The #MeToo movement has placed sexual harassment on the front pages of newspapers, has galvanized some states to reconsider their own sexual harassment laws, and has encouraged employers to take a closer look at their policies and procedures. With such heightened awareness of sexual harassment, employers may feel an inclination to resolve doubts in favor of the accuser.  A recent Second Circuit decision, however, illustrates a counterweight to this outlook.
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Employers who operate in New York State and City are likely aware of the new sexual harassment laws that are starting to take effect.  Many companies have already revised their sexual harassment policies to comply with the new laws, but now face the hurdle of complying with the sexual harassment training requirements under both the State and City laws.  While there is overlap between the State and City requirements, there are differences that employers should note.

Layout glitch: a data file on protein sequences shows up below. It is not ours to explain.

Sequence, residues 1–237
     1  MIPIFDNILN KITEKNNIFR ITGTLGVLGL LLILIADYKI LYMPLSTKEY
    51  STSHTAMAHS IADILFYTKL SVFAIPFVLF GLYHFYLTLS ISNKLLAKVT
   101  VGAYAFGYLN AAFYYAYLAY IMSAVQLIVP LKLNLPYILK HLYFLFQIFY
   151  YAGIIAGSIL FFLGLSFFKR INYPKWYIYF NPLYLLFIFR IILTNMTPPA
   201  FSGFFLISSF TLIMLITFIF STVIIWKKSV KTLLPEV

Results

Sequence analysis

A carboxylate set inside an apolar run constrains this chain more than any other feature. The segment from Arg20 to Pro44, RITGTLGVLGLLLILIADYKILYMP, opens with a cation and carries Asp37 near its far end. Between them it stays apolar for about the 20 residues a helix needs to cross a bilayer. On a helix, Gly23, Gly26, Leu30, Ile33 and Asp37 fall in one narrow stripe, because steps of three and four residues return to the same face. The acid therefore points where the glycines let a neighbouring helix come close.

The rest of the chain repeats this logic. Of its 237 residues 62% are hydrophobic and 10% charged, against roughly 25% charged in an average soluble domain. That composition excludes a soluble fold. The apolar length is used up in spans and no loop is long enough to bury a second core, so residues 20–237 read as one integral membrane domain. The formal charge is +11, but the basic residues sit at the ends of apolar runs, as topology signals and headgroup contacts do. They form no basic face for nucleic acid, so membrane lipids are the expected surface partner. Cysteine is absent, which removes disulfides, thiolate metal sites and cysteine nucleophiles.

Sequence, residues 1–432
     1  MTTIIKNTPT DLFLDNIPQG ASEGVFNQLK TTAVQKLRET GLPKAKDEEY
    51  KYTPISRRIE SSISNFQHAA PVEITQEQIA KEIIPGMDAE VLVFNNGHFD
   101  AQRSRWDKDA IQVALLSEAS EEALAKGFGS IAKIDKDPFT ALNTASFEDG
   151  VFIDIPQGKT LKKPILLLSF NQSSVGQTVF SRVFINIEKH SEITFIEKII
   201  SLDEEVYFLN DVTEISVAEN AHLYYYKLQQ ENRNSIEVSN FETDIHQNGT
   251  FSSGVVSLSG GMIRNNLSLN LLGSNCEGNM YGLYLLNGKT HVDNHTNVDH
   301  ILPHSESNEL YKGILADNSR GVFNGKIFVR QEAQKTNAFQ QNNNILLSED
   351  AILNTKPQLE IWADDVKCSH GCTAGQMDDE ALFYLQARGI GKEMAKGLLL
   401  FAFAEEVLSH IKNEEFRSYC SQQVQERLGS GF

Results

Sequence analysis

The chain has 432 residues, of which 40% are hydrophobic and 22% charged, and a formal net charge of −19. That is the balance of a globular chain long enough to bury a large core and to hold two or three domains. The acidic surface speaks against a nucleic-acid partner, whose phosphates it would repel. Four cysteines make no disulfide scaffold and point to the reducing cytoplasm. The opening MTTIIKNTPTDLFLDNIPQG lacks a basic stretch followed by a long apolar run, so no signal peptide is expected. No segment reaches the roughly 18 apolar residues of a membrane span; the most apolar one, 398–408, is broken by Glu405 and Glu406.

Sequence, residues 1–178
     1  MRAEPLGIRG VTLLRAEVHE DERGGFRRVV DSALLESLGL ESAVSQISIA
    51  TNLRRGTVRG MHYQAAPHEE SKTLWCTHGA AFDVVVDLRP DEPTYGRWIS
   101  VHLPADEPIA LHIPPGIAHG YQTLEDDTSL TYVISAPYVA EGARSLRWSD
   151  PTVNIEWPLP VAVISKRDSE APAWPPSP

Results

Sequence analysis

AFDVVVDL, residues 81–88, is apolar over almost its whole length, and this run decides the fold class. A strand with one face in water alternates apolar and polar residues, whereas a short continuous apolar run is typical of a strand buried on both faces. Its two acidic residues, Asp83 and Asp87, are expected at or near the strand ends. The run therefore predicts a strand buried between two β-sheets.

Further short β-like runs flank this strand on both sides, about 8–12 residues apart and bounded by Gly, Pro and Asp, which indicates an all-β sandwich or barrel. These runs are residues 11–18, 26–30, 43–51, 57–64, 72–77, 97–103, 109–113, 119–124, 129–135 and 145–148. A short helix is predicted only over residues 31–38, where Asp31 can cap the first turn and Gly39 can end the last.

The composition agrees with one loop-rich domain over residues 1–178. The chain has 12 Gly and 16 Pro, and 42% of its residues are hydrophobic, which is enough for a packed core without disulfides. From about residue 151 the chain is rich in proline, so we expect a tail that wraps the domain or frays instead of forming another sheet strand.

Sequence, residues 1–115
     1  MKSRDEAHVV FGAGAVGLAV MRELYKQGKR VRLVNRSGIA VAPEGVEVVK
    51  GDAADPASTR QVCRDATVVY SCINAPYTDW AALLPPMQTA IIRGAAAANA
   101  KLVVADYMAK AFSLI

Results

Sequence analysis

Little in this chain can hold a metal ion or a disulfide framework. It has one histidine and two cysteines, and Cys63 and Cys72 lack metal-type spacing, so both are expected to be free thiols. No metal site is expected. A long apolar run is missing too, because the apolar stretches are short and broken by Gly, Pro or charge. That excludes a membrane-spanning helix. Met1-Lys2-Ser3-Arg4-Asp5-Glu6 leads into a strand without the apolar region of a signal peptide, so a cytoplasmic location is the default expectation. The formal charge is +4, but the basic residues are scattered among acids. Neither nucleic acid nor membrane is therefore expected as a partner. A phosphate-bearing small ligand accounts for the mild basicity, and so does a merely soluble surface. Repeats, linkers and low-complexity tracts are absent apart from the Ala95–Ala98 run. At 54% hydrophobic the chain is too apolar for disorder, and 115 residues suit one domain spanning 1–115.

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Since President Lyndon B. Johnson signed Executive Order 11246 in 1965, the Office of Federal Contract Compliance Programs (OFCCP) has been charged with ensuring nondiscrimination and affirmative action for females in employment. In 1970, regulations were issued to further this goal, known as the Sex Discrimination Guidelines, codified at 41 CFR Part 60-20. Those guidelines have not been substantially updated in the 46 years since. Until now, that is. The DOL acknowledges the Guidelines have become “out of touch with current law and with the realities of today’s workforce and workplaces.” See: OFCCP Fact Sheet on Sex Discrimination Final Rule. So, the OFCCP is bringing the Guidelines “from the ‘Mad Men’ era’ to the modern era.’”
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